July 27, 2017

PRH South Africa publishes a book about Nelson Mandela, then unpublishes it a few days later


Sometimes as a book publisher, you set out to publish nonfiction that is salacious, true, and courageous. You say to yourself, “This book will make a difference; people will read it and have new information that will inspire courage and respect.” You acquire the manuscript, edit it extensively, confirm details, get a legal read, design a cover, release early copies to the press, and garner buzz. It often takes years.

And then, on the day it hits stores, it can all turn into high-grade dilberry.

July 18th of last week turned out that way for Penguin Random House (PRH) South Africa. It was Nelson Mandela Day, and a new book about Madiba’s final days was hitting shelves. Mandela’s Last Days, written by the legend’s personal physician, Vejay Ramlakan, detailed the last few years of the man who led South Africa out of Apartheid. But immediately upon its release, news agencies around the country began reporting that people were not happy with the book.

Revealing information about the physical and mental degeneration of a man who lived into his mid-nineties, the book gave unflattering details about the medical care he had to receive. For many, this seemed to tarnish the great man’s legacy.

According to South Africa’s Eyewitness News, Mandela’s second wife, Winnie Madikizela Mandela, was “disturbed by reports that she gave permission for the publication of the controversial book.” Explaining the fact that she had seemingly signed off on the book, Mandela explained in a statement:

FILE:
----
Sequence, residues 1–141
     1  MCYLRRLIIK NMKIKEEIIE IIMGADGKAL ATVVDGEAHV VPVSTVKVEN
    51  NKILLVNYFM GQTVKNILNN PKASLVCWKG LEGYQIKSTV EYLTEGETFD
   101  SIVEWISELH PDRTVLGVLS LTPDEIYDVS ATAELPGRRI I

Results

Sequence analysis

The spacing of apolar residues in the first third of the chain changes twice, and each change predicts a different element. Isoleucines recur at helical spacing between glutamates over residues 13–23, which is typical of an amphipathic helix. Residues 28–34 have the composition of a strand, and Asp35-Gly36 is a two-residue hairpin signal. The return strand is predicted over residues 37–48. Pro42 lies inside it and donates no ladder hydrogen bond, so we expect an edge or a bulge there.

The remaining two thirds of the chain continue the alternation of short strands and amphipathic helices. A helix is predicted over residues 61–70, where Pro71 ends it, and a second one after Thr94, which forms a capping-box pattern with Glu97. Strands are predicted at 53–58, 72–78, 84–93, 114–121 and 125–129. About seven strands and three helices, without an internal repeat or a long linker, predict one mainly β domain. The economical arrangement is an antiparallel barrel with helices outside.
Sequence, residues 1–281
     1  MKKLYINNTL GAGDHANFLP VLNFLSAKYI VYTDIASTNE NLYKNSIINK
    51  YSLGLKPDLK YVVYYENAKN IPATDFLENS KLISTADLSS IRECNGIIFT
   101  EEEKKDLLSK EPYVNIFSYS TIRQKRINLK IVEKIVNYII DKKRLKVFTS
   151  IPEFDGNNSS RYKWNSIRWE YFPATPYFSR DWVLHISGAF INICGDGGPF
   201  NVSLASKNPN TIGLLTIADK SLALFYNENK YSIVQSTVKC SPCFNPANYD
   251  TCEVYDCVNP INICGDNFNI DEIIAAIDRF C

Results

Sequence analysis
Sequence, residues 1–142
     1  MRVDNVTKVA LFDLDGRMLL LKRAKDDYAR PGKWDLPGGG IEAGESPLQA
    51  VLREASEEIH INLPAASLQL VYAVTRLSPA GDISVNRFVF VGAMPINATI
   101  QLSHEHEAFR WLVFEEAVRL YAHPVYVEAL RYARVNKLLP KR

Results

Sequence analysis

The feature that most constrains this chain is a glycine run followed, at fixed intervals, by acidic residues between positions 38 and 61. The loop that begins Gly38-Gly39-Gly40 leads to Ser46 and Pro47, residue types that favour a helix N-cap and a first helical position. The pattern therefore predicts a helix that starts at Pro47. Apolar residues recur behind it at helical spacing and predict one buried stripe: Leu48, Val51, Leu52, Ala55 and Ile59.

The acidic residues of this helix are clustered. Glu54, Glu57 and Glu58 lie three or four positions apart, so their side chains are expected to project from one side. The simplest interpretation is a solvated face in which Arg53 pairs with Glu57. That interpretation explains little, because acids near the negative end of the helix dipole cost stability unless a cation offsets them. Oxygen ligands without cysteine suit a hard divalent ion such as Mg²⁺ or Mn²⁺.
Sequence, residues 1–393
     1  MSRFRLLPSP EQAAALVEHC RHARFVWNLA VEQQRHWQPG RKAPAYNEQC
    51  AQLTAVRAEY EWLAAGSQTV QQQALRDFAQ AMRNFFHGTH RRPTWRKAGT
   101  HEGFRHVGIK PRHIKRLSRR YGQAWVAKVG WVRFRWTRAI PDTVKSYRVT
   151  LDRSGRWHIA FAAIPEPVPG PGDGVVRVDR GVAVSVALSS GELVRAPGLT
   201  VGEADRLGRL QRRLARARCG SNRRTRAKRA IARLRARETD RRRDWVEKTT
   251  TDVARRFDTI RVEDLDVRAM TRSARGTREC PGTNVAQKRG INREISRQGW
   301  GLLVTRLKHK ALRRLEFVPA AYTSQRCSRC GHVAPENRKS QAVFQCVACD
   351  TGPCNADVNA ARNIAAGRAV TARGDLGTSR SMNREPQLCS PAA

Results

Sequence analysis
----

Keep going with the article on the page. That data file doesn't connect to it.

In terms of the autograph I gave to the author, this was a courtesy on my part for someone who had cared for Madiba. He brought me the first copy and he said: ‘Mama can you sign the first copy?’ I am asked for my autograph often, and my autograph has never become an endorsement of anything.

Agence France-Presse reports that Mandela’s third wife was deeply upset:

[The book] revealed several undignified episodes at the end of Mandela’s life as well as bitter family squabbles over his care and legacy, prompting fury from his widow, Graça Machel, who threatened legal action…

Machel accused Ramlakan, a former military surgeon, of breaching patient confidentiality.

Ultimately, PRH South Africa took the book off sale on Monda, without reporting how many copies they’ve already sold. Meanwhile, the book’s revelations continue to stir controversy: it claims, for instance, that a spy camera was discovered in the morgue where Mandela’s body was stored before his funeral, prompting speculation about either interloping media or government interference with the end of his life.

Perhaps this story will be shared again someday in the future. For now, the topic remains a delicate one.



Peter Clark is a former Melville House sales manager.